could be completely wrong

    Liked by 1 person

    • what is the general feeling in Ca about them? Do your government recommend wearing them? Are any members of your government wearing them? My wife waved a simple cloth mask in front of me, but I have never worn it. Neither of us wears a mask.


      • Canadian government recommend you wear a mask in public, but not mandatory. With stores, its hit and miss, some stores it’s mandatory to wear a mask and they are willing to sell you one at the entrance for $6, other it’s not mandatory, but there are one-way aisles and you have to follow the arrows. If politicians are on photo ops they wear a mask, otherwise not.

        Liked by 1 person

  3. Reblogged this on Mister Bump and commented:

    Just as a follow-on from my earlier post, where I got as far as having discovered that virus particles are about 0.02 microns in size.

    A bit more time today, and a bit more digging.

    I didn’t bother with Denier, overnight I decided that was probably a red herring.

    I did, however, find a UK company called Filtrex. I had in my mind something like DIY masks for sanding etc. but these guys seem far more upmarket – clean rooms etc. On their site, I found a useful page which talked about stan0dards. Apparently there is one, ISO 16890. It only came about in 2016 so I suspect it isn’t ubiquitous yet. Bottom line, it splits filters into four levels, and even the highest quality of these only filters particles of 0.3-1 micron. That’s still an order of magnitude bigger than COVID-19. Imagine trying to get a yardstick through a 10-yard gap…. Conclusion – I’m looking in the wrong ballpark.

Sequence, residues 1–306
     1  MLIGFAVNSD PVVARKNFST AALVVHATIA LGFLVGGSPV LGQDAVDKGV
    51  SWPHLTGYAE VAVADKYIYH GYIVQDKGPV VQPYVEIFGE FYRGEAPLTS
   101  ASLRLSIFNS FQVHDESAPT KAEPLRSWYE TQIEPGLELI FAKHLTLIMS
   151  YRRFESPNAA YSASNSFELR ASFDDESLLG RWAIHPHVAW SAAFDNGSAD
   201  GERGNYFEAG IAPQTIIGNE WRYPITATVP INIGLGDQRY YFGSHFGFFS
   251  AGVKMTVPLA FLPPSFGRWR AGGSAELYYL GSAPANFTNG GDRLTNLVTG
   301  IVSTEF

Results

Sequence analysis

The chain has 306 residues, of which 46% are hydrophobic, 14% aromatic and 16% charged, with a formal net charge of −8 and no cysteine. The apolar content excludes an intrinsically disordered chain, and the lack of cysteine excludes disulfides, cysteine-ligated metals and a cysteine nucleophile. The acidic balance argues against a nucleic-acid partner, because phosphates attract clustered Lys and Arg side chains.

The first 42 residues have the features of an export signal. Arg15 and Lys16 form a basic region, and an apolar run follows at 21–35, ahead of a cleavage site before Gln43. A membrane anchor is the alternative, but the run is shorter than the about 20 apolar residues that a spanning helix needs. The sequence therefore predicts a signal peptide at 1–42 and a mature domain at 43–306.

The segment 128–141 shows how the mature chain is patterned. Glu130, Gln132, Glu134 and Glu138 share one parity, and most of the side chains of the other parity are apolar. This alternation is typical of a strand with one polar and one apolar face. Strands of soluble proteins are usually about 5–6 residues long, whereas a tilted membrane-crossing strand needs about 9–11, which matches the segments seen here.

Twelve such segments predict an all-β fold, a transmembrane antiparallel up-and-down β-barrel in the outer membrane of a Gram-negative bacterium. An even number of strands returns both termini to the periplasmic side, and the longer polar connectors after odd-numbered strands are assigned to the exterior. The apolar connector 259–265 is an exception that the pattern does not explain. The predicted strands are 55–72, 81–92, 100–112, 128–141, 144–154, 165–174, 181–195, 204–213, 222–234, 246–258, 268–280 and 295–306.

I then started looking at other standards. I came across FFP1, 2 and 3, which I think are EU standards. FFP = filtering facepiece. The masks gradually restrict smaller particles. with FFP3 offering the highest level of protection.

    FFP3 masks are what is used by our NHS to care for COVID patients, with a big caveat that if you’re working in the NHS, these masks are supposed to be fitted to your face, so there’s no gap. With all the hoo-ha here about PPE, I have no idea whether that is actually happening, but it is what is supposed to happen.

    FFP3 is also the type of mask recommended by the WHO to treat COVID patients – reassuring that in this case at least, we are fitting in with international standards. On some sites I have seen that it is the equivalent of N99. Funny, Jim Adams mentioned an N-rating after my original post, yesterday, but I couldn’t dig up any info. I’m guessing it is the corresponding US standard.

    FFP3 masks seem to be retailing on eBay at around GBP20 minimum. That’s not far different in USD or EUR, and that’s each. Pretty blatant profiteering, most likely.

    Nevertheless I might get one with a view to washing it between trips out, although that is bloody expensive just for a mask. And before I buy anything I’ll need to be clear whether it is washable or not.

    Even after that, I’m not sure that they will be a barrier, but I’m guessing that since the NHS use this standard of mask, it’ll be the best I can get hold of. I might have to settle for that. Given this appears to be a european standard, and we have been in the EU for forty-odd years, I wouldn’t expect to have to look for any other standards.